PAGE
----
“We weaken our greatness when we confuse our patriotism with tribal rivalries that have sown great resentment and hatred and violence in all the corners of the globe.”

“We weaken it when we hide behind walls, rather than tear them down, when we doubt the power of our ideals, rather than trust them to be the great force for change they have always been.”                                                 

­— John McCain (R.)’s Final Address, August 27, 2018


Both on the campaign trail in 2016 and in 2020, President Trump failed to provide America a detailed domestic and foreign policy. For the first time in 160 years, the Republican Party did not formulate a new party platform at its 2020 Convention, but used the one from 2016. What does the GOP stand for in 2020? In a word, “Trump,” who wings it on his own. Biden, on the other hand, has 46 detailed policy papers, including one on virus control.

Instead of utilizing diplomacy, Mr. Trump plays the “blame game” and has relied on the tactics of a bully in threatening other world leaders like Kim Jong Un of North Korea, the Ayatollah Khamenei in Iran, and telling Volodymyr Zelensky, president of Ukraine, that he was “bad news.” In fact, Mr. Trump threatened Marie Yovanovitch, his own ambassador to Ukraine, before she was ordered to “take the next flight back to the U.S.” (See “The dereliction of diplomacy,” The Economist, August 15th, 2020, p. 53).    

Is it really in the best interest of the U.S. to dismantle the international order in the West by calling NATO obsolete, and angering the top leaders in the European Union, like Angela Merkel, chancellor of Germany, for her immigration policy such as allowing a million Syrian refugees to stay in Germany? Is not the EU and NATO the extension of U.S. political and military power and thus the first line of defense against Russian aggression? Should we pull our troops from Germany (when we’ve been there since WWII), in order to counteract Russia’s desire to permanently occupy the Crimea and have Belarus in its sight as its next target?

When it comes to China, two things must be kept in mind. First, Trump’s foreign policy emphasizes economic concerns as we see in the trade wars started by Trump, who considers himself a great deal-maker. These trade wars are hurting the pocketbooks of our own citizens and sanctions never work, but only create enmity and animosity with other nations. 

Hence, the question arises why is China and every Muslim country from Morocco to Indonesia under some type of U.S. sanction? Does this bring about good will in these countries, particularly in this age of globalization? In short, does this Make America Great Again?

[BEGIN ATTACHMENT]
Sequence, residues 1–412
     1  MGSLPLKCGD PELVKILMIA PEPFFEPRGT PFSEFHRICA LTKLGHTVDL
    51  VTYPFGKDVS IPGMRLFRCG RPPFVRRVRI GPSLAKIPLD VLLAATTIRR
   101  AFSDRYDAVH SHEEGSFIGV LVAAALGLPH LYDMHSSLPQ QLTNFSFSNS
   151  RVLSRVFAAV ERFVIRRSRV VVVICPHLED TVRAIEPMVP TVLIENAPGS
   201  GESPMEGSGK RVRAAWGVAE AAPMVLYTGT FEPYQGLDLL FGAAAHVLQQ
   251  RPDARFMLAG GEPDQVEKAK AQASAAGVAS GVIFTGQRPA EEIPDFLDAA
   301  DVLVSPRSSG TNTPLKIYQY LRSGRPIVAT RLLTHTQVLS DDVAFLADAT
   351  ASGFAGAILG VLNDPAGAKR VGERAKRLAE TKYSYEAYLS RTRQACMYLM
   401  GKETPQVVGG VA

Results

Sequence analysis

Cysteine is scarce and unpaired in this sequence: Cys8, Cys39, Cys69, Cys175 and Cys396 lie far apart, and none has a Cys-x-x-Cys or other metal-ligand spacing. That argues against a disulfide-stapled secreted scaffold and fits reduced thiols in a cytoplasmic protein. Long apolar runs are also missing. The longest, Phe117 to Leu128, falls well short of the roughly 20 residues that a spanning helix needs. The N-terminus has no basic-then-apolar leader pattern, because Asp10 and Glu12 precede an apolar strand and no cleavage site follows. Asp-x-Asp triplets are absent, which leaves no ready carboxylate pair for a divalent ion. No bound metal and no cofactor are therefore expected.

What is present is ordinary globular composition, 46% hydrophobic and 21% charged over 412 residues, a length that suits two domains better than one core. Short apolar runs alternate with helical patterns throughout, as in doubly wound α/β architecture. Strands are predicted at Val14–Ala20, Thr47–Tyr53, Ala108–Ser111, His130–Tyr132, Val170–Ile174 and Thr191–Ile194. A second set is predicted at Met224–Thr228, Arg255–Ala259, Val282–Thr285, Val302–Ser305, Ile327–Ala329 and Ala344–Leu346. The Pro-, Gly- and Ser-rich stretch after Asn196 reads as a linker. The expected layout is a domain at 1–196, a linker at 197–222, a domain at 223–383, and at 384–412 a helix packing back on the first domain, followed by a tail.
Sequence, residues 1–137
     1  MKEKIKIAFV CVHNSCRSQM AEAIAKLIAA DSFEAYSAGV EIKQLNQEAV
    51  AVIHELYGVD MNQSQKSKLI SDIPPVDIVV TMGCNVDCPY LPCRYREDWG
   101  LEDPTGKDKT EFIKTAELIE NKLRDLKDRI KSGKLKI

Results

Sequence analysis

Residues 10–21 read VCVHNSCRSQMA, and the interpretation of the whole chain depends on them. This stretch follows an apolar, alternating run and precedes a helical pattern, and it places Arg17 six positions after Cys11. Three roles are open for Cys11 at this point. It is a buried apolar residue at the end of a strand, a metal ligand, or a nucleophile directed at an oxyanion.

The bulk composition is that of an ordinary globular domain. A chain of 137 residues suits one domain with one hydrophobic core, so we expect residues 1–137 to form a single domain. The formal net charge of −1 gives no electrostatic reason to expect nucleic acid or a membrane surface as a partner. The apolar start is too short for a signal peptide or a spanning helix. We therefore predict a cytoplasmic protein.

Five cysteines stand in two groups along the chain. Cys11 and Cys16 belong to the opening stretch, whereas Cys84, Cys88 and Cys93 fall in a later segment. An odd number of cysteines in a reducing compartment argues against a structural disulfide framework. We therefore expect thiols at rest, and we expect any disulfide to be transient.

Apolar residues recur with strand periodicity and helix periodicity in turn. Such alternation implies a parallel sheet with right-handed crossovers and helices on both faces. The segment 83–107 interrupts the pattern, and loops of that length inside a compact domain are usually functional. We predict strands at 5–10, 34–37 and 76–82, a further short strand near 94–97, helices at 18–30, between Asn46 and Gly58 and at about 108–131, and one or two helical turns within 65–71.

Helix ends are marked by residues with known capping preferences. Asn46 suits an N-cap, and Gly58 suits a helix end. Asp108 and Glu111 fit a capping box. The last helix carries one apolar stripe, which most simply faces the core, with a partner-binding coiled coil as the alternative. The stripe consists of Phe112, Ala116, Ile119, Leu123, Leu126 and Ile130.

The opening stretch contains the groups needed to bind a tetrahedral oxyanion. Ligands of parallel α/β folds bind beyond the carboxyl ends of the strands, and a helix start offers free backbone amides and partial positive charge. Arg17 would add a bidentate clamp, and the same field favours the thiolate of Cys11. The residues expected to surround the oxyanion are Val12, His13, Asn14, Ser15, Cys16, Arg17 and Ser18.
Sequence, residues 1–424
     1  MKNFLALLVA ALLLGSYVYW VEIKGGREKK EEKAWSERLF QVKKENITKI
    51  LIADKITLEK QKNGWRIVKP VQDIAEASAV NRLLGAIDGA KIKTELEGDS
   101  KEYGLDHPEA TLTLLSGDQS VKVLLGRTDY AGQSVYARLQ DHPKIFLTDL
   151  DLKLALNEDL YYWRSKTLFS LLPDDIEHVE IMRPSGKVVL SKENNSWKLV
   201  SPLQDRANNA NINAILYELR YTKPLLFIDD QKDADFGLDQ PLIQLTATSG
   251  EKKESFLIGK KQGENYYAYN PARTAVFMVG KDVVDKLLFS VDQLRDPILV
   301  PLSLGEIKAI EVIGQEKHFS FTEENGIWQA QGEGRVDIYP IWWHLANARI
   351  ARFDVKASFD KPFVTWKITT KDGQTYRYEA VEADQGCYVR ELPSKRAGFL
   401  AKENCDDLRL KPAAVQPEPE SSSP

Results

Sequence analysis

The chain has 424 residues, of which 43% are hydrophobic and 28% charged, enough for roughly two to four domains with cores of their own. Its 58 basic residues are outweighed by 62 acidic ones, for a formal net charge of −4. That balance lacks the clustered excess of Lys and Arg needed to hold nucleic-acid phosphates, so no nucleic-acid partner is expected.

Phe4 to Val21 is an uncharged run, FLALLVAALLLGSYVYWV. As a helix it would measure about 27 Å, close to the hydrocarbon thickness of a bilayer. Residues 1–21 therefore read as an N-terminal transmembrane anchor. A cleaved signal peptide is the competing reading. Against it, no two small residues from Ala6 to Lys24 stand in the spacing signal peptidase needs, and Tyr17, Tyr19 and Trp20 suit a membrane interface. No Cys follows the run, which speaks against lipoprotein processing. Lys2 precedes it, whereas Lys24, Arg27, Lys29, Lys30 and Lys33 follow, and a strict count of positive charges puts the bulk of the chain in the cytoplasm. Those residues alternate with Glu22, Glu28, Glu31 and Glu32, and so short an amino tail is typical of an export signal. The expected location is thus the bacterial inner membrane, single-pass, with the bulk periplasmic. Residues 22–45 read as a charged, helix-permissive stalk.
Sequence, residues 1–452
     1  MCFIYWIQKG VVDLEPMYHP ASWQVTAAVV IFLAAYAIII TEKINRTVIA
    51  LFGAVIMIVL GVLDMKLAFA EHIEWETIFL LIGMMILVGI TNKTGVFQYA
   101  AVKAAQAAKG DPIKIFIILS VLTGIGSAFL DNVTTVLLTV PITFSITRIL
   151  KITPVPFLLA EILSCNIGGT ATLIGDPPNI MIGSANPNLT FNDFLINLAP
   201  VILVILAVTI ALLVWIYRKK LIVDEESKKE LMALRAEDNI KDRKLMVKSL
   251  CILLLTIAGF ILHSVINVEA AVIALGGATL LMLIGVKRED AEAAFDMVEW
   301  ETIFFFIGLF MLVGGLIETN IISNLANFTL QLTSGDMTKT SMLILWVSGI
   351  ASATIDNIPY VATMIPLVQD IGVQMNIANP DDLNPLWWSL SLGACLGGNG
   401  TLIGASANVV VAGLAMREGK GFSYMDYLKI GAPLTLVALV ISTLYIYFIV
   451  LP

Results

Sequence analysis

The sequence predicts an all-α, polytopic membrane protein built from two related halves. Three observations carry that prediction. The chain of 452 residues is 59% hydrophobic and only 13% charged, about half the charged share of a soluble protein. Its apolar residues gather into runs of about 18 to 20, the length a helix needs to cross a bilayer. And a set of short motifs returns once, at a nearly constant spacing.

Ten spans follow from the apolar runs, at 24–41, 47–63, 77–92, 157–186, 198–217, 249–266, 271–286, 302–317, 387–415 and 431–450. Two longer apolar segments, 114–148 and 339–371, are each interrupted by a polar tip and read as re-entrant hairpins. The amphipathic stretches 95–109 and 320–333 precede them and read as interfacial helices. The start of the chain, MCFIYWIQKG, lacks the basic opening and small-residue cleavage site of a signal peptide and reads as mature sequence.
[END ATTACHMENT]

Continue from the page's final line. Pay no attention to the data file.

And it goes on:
Second, Trump’s attitude toward China and other Middle Eastern countries may be characterized as blatant racism. For example, does Trump build good relations with China when he speaks of “Kung-Flu,” to describe Covid-19 and blames China for bringing about Covid-19? Does not the ideology of white supremacists make up the immigration policy of the Trump administration when he gave President Xi “his blessing to continue building camps for Uighur Muslims, which John Bolton likened to concentration camps.” (See “Trump Put Re-Election Above Nation’s Interests, Bolton Says,” Wall Street Journal, June 18, 2020).  

Moreover, is it legal for the president of the U.S. to ask a foreign power for help in winning an election? Before the Osaka G20 summit in 2019, Trump asked Xi Jinping for China’s help in winning the 2020 presidential election. Trump told Xi that he could help U.S. farmers by buying wheat and soybeans so that Trump would win a second term. (See John Bolton, The Room Where It Happened (New York: Simon & Schuster, 2020, p. 301).    

Remember this: China is no Snow White. In 2013, China under Xi has in seven contested places in the South China Sea constructed antiship missiles systems and air-defense systems. Yet in 2015, President Xi promised at a news conference held at the White House that these artificial islands would not be equipped with weaponry. 

According to some pundits, China doesn’t aim to disrupt the current world order as does Putin who wants to control international politics. As China’s defense white paper of 2019 shows, China simply wants keep its “territorial integrity” and “internal stability.” President Trump has it correct based on international law, when he allows our Navy to navigate the East and South China Sea, though China resents this action on our part. (See Richard Haas, “A Cold War With China Would Be A Mistake,” Wall Street Journal, May 9-10, 2020). 

Geopolitics remains a complex problem and I’m a neophyte in this area. It can’t be treated in an 800-word article. Hence in future articles I will comment on the foreign policy of President Trump in regard to Russia, Iran, North Korea and other nations.


Richard Penaskovic is an Emeritus Professor at Auburn University. His writings have appeared in the Birmingham News, Columbus- Ledger Enquirer, Montgomery Advertiser and online by Informed Comment and Politurco.

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